In this latest installment of Wonderland Cafe, I'm going to be talking a bit about my figure/ ground exercise for EdTech 506. And while I don't claim to be anywhere near Escher in the way that I execute figure/ ground in my work, it does seem appropriate to mention an artist who breaks the figure/ ground or positive/ negative space rule in order to understand how it works in more "normal" design settings.
Cognitive Processing & Figure/ Ground
Additionally, given the funky nature of the concept of Wonderland, I think it's also good to talk about ways that I bend or break the rules of design to get the message across. It not only fits in with the Wonderland Cafe theme, but it serves as a good reminder to me as a designer to stay true to the spirit of what I want to create even as I try to create designs that are more than just clever-looking.
As we learned in our book "Creating Graphics for Learning and Performance: Lessons in Visual Literacy" by Linda Lohr, the figure/ ground principle helps people with selection. While the book defines selection (p. 100) as
The cognitive process of attending to particular visual and auditory stimuli.
I find this definition a bit vague. I think it's more helpful to say that selection is a cognitive process in which the mind uses various filters in order to prevent information overload. For the instructional designer then, the use of figure/ ground or positive/ negative space is one way to cut down on the amount of information coming into the eyes.
This in turn helps the learner focus on only the information that is critical to the lesson in front of them. It's a principle that sits at the cornerstone of multimedia learning theory.
Focusing on M.C. Escher
One of the most famous examples of figure/ ground is the vase illustration. Depending upon how your eyes focus on that drawing, you either see a face or a vase. Very often in traditional design, white plays the role of ground and black or colored material is the figure. However, this visual exercise shows that this isn't necessarily always the case.
I'm bringing all of this up because this is the route that I chose to take as I developed my figure/ ground assignment this week. Those of you who are following my design process for the Wonderland Cafe project know that I normally include some sort of graphic from the old "Alice in Wonderland" books like I did here and here and here.
However, as I considered the scope of the assignment, I decided to go back and revisit the graphics that I did for the fonts assignment for the Wonderland Cafe.
Smile/ Predator - Positive/ Negative
I modified the "smile" and "predator" graphics to make them look like playing cards in keeping with the Alice-in-Wonderland theme. The words "smile" and "predator" were created originally to look like a smile.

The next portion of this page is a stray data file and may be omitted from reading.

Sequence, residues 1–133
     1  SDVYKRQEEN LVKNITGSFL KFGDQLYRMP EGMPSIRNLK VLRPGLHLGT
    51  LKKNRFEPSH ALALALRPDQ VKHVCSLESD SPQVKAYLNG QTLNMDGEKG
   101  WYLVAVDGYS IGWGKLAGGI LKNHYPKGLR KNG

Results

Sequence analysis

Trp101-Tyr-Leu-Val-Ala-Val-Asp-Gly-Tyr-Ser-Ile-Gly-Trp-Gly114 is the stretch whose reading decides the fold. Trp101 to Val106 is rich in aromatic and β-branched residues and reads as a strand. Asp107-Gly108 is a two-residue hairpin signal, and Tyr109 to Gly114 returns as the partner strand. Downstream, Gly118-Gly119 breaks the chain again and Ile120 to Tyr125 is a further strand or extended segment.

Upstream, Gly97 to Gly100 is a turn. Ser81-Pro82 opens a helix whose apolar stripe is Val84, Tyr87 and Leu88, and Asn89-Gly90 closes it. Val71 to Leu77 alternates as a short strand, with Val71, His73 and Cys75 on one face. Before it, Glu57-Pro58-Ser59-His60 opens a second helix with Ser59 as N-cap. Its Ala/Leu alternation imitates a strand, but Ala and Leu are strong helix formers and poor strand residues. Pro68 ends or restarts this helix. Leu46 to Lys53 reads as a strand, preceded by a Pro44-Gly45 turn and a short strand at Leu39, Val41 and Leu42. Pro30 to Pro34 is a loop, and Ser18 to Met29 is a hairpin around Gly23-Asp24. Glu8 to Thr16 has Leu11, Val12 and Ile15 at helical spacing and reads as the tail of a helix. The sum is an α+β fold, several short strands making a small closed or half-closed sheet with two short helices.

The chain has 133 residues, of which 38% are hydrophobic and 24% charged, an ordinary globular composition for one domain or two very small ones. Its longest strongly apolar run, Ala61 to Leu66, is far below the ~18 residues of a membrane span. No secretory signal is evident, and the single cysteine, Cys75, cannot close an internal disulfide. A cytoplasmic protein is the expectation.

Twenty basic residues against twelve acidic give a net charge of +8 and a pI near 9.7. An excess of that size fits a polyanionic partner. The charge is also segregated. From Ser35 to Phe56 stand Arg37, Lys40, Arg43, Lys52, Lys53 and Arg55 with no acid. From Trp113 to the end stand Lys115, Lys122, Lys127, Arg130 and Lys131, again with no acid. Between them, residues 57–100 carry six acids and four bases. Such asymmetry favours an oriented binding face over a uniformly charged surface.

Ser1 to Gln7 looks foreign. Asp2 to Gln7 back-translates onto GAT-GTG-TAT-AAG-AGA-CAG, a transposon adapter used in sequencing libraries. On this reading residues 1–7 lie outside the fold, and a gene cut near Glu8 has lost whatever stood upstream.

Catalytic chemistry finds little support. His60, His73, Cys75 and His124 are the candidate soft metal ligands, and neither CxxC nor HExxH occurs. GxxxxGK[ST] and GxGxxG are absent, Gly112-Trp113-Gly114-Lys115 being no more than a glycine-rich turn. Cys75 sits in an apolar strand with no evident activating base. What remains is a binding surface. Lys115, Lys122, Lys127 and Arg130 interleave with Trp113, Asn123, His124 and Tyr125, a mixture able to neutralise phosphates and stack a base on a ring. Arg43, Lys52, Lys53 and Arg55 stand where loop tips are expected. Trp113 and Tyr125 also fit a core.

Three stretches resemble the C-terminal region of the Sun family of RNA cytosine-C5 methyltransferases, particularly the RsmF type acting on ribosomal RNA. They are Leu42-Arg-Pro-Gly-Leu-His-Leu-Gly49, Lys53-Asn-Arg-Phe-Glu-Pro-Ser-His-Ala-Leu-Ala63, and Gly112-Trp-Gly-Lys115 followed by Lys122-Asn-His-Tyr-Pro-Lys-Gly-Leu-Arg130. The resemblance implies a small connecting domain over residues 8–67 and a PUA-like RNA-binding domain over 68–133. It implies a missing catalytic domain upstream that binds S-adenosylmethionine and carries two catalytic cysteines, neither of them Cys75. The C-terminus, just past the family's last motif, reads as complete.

I played with positive/ negative space by making the lettering white and the background black. By doing this, I wanted to further emphasize the idea that predators hide in the dark. I took it one step further by making a verbal message about predators hiding behind smiles in the dark.
In the case of some of the lettering, I went against the "norm" and made it white instead of black so that it would stand out. I felt that if I didn't do this, that the message would get lost due to some of the graphics I felt I needed to use. This is particularly true of the gray heart off to the side of the wording. I added the heart to repeat the form of the hearts on the playing cards and to visually balance out a hole in that side of the graphic.
As with most of these assignments, I also repeated the checkerboard design. However, I made the squares gray and black instead of white and black. I did this for a couple of reasons. I wanted the playing cards to stand out. I also wanted the seriousness of the message to be emphasized.
Finally, I positioned the playing cards so that they not only emphasized the verbal message, but they also provided a visual play on the word "hiding." The "predator" card is hiding behind the "smile" card, the idea being that Internet predators come in the guise of friend, but really they're foes.
Here's how the design for this week's installment of Wonderland Cafe ended up:
M.C. Escher Day and Night, 1938 - The amazing world of M.C. Escher. (2015). Retrived from https://www.youtube.com/watch?v=UVOCM4d4MV4
Henderson, S. (2012). Vase face optical illusion - Looks like they're talking. Retrieved from https://www.youtube.com/watch?v=_79TI6L2o18
Lohr, L. (2003). Creating graphics for learning and performance: Lessons in visual literacy. Upper Saddle River, NJ: Merrill.
Positive & negative space. (2013). Retrieved from https://artdocents.wordpress.com/2013/11/12/positive-negative-space/
Standard 1: Design Standard 2: Development Standard 3: Utilization Standard 4: Management Standard 5: Evaluation